By Nathan Carr

With an unobstructed view to Joy, let us go back to the first school tradition of the Christian Church—the monastery.  How did the first attempt at formal Christian education enlist its students into the great “story being told?”  Among the monastic schoolmasters of the 4th century—abbots and abbesses—one in particular gives profound insight into the formation of several abbeys throughout Egypt:  St. Pachomius.  Given to vivid description from the beginning, the scene of his calling is remarkable:

“‘And how will I teach those whom you call to choose this life with me, O Lord, if I have not first conquered myself?’  Having said this prayer, he spent the whole night weeping and repeating it until dawn.  From his sweat the ground under his feet became like mud, for it was summer and the place was very warm.  He also had the habit when he extended his hands in prayer, of not right away drawing them a little to himself for rest.  Rather, by extending them as if on a cross he would wear the body down to stay awake for prayers.”[1]

The emotional grandeur of the text is enough to inspire the most hardened administrator to reconsider the worthiness of the vocation.  But its final appeal is not in this alone—this brief description, of which there are many similar, demonstrates the full sacramental nature of monastic convictions.  Pachomius is not a dualist whose intensity of conviction is found awkwardly married to an otherwise laissez faire engagement of the body.  Not only is the student not above his master; here we have the master certainly not above the discipline of his future students.  Pachomius joins his confession and desire for wisdom together with the very posture of his body.  He sees absolutely no distinction between the posture of body and soul—of form and content—of substance and symbol.  He is anything but gnostic.  In fact, gnosticism is not only heretical, it is unfathomable as a way forward for this school-planting monk of the 2nd century.  If his school is to be cruciform, then his soul must be cruciform, and therefore the very outstretching of his arms must take the same.  He engages the body to arouse the senses.  He prays without ceasing to experience the Spirit in the same fashion.  And his sweat commingled with tears and dirt become symbolic of the very reality he now embodies.  The Church has been clear—the life of the body and the life of the Spirit are One.  The substance and symbolism of the one are present in the other.  Form and content are forever joined.  To quote St. Paul:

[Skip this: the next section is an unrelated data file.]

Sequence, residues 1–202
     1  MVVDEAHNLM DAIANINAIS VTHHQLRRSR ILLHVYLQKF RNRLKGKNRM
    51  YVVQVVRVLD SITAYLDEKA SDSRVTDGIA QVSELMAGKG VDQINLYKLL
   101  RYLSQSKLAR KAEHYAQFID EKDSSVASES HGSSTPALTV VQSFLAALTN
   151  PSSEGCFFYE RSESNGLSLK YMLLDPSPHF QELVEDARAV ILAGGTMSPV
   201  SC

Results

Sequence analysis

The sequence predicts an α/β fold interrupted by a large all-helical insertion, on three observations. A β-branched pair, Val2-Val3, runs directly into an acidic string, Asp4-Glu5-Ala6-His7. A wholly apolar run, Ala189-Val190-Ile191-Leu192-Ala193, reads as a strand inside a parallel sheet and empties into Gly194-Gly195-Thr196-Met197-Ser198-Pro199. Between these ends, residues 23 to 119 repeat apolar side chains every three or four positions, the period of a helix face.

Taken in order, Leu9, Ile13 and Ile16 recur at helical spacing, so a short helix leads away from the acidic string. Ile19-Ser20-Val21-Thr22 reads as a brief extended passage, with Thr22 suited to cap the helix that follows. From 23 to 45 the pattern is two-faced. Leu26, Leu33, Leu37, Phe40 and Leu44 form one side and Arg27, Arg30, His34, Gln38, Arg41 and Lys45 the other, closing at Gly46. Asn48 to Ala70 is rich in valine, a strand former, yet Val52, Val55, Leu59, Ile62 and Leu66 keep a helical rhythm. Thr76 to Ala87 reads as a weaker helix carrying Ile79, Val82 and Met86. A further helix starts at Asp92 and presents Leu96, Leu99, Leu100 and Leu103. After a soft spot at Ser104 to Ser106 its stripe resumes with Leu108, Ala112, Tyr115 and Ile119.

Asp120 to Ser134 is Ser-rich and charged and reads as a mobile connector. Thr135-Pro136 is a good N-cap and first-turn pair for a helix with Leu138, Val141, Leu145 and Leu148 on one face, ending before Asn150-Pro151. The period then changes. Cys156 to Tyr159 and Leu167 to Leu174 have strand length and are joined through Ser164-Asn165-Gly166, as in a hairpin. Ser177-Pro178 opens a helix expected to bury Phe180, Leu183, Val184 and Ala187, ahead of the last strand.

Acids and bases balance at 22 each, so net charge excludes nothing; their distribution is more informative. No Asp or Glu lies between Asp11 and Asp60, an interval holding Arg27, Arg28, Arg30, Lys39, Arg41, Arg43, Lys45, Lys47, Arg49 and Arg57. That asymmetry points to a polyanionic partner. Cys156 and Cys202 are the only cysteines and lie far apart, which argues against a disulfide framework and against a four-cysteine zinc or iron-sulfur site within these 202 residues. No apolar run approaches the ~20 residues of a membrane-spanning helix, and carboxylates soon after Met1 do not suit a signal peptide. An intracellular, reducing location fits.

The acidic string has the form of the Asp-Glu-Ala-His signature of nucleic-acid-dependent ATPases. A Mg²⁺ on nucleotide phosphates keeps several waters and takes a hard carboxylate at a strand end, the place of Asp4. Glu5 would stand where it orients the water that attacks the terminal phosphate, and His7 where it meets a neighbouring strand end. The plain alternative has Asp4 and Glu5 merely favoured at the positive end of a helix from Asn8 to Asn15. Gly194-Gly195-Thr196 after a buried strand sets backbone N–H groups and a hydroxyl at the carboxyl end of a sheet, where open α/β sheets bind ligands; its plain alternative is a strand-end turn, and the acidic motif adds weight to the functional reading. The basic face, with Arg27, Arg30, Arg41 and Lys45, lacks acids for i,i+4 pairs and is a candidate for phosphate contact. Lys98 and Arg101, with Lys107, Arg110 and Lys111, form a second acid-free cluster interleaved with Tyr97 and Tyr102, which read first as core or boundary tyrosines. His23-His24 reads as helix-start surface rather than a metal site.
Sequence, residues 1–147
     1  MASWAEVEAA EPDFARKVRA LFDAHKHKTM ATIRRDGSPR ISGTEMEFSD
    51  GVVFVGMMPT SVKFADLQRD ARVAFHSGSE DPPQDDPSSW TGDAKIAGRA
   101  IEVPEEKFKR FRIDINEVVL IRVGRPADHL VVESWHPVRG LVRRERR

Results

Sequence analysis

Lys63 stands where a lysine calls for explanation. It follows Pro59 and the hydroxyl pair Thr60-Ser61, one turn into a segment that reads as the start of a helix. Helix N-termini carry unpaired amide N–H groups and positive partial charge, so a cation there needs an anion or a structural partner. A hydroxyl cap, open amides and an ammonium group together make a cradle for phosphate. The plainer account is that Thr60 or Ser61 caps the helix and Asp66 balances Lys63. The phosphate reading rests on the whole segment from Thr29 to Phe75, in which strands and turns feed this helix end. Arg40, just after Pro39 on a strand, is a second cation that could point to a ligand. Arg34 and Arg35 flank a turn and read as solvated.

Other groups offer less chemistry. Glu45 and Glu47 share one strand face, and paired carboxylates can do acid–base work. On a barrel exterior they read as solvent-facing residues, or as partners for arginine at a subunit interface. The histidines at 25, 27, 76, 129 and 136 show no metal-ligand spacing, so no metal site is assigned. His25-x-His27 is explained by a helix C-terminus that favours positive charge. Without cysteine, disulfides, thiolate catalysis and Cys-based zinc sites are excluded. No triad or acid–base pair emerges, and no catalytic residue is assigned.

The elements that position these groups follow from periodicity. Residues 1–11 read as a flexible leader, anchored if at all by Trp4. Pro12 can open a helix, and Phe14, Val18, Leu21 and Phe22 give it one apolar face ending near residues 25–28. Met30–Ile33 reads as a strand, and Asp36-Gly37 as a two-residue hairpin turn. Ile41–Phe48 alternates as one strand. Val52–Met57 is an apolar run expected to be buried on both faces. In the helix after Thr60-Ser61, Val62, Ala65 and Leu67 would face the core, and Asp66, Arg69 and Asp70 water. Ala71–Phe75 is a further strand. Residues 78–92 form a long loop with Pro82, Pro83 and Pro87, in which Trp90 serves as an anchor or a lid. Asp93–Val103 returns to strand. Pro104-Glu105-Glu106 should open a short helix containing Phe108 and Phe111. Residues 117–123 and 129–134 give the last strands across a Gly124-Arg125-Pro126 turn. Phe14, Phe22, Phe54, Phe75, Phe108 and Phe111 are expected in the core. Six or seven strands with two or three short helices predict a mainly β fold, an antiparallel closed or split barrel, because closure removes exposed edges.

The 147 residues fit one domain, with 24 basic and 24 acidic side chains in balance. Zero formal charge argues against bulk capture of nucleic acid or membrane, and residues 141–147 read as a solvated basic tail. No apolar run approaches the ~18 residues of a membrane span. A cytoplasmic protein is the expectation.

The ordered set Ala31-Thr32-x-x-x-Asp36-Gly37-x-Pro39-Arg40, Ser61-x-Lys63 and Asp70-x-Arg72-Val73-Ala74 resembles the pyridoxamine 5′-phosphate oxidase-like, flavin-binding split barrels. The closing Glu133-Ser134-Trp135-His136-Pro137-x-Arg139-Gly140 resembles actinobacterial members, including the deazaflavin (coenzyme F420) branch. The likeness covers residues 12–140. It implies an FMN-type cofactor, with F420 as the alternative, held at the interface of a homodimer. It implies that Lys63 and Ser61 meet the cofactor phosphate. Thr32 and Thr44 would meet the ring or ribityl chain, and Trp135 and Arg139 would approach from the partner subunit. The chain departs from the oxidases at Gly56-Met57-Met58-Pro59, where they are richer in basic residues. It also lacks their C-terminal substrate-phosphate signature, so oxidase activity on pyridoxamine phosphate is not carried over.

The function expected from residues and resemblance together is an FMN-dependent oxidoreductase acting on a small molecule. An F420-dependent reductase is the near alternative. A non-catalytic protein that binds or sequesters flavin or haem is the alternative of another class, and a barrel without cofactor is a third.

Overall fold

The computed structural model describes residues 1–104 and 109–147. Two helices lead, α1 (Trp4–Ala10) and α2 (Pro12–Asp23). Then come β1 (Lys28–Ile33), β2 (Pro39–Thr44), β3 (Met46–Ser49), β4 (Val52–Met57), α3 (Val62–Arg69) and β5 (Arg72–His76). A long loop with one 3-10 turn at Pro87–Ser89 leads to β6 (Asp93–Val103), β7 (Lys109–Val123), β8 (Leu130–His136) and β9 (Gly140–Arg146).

“For by him all things were created, in heaven and on earth, visible and invisible, whether thrones or dominions or rulers or authorities—all things were created through him and for him. And he is before all things, and in him all things hold together. And he is the head of the body, the church” (Col 1:16-18).


[1]The First Greek Life of Pachomius, Section 15, accessed at 02a_1gk_li_sel.htm.

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